The value of stocks traded on global exchanges has plummeted by an estimated $25 trillion this year, but the bigger worry for many analysts is the continuing fear banks have about lending money to each other.

A telling indicator of those fears is the rise in the London Interbank Offered Rate, or LIBOR, which tracks the rates banks charge each other for loans in 10 currencies for durations ranging from overnight to 12 months.

According to the British Banking Association, LIBOR is used to set rates for financial products such as loans that total $350 trillion worldwide. While loans between many U.S. banks are tied to the federal funds overnight rate, the increase in LIBOR has ominous implications for homeowners with adjustable-rate mortgage (ARM) loans that have reset or are soon facing resets.

Nearly all subprime and alt-A adjustable-rate mortgage (ARM) loans are tied to six-month dollar LIBOR, which hit 4.4 percent today, up from 3 percent on Sept. 15. Most prime ARM loans, including those backed by Fannie Mae Freddie Mac, are also linked to six-month dollar LIBOR.

Analysts at Citigroup Inc. said in a research note this week that introductory rates on 1.8 million ARM loans have already expired and are now tracking with LIBOR or other benchmarks, and that 121,000 mortgages will reset for the first time next month. Another 3.7 million ARM loans will reset after that.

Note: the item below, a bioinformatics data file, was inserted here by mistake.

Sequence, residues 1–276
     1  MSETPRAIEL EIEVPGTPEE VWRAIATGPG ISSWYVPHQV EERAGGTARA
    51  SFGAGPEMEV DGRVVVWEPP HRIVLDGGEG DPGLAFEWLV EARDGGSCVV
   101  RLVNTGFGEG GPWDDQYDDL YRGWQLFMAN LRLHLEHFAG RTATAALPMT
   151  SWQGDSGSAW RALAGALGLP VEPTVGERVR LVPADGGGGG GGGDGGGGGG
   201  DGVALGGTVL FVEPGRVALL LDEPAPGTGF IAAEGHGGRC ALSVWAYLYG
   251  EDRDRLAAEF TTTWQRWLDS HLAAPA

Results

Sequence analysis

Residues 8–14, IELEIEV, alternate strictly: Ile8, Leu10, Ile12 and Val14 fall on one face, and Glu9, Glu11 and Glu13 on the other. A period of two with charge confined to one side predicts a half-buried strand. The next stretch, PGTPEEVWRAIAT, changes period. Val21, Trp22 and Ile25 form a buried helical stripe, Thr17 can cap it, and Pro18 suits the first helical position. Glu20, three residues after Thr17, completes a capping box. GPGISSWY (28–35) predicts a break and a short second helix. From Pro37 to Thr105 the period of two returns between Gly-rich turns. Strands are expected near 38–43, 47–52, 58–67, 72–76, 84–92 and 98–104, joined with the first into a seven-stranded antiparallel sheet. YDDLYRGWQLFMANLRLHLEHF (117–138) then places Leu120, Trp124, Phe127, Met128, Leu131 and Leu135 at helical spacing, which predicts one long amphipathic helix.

According to a Bloomberg News report on the Citigroup research note, subprime ARM borrowers facing their first adjustable payment would see their monthly payment go up 18 percent based on six-month dollar LIBOR rates on Sept. 30, compared with a 10 percent increase they would have seen if LIBOR had remained at the 3 percent level reported on Sept. 15.

"America’s homeowners are going to get uncomfortably familiar with ‘LIBOR’ starting next month," Citigroup analysts said.

Bloomberg reported today that more than $25 trillion has been erased from global equities markets in 2008, and that the three-month dollar LIBOR rate has jumped to the highest level since Dec. 27.

Central banks around the world cut interest rates Wednesday out of concern about the the tightened lending practices between banks (see story).


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